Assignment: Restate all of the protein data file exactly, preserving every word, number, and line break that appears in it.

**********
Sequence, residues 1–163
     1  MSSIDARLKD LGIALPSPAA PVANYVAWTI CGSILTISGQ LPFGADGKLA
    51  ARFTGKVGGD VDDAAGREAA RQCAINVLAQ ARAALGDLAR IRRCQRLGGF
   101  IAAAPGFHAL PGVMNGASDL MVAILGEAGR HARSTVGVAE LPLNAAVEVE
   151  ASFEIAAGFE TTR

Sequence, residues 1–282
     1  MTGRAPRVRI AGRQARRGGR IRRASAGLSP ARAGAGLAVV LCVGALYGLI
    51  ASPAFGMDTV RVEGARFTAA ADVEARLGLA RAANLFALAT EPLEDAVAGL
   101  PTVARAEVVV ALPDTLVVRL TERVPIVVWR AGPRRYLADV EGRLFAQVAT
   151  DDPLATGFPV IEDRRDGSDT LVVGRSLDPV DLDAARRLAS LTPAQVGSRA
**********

Sequence, residues 1–163
     1  MSSIDARLKD LGIALPSPAA PVANYVAWTI CGSILTISGQ LPFGADGKLA
    51  ARFTGKVGGD VDDAAGREAA RQCAINVLAQ ARAALGDLAR IRRCQRLGGF
   101  IAAAPGFHAL PGVMNGASDL MVAILGEAGR HARSTVGVAE LPLNAAVEVE
   151  ASFEIAAGFE TTR

Sequence, residues 1–282
     1  MTGRAPRVRI AGRQARRGGR IRRASAGLSP ARAGAGLAVV LCVGALYGLI
    51  ASPAFGMDTV RVEGARFTAA ADVEARLGLA RAANLFALAT EPLEDAVAGL
   101  PTVARAEVVV ALPDTLVVRL TERVPIVVWR AGPRRYLADV EGRLFAQVAT
   151  DDPLATGFPV IEDRRDGSDT LVVGRSLDPV DLDAARRLAS LTPAQVGSRA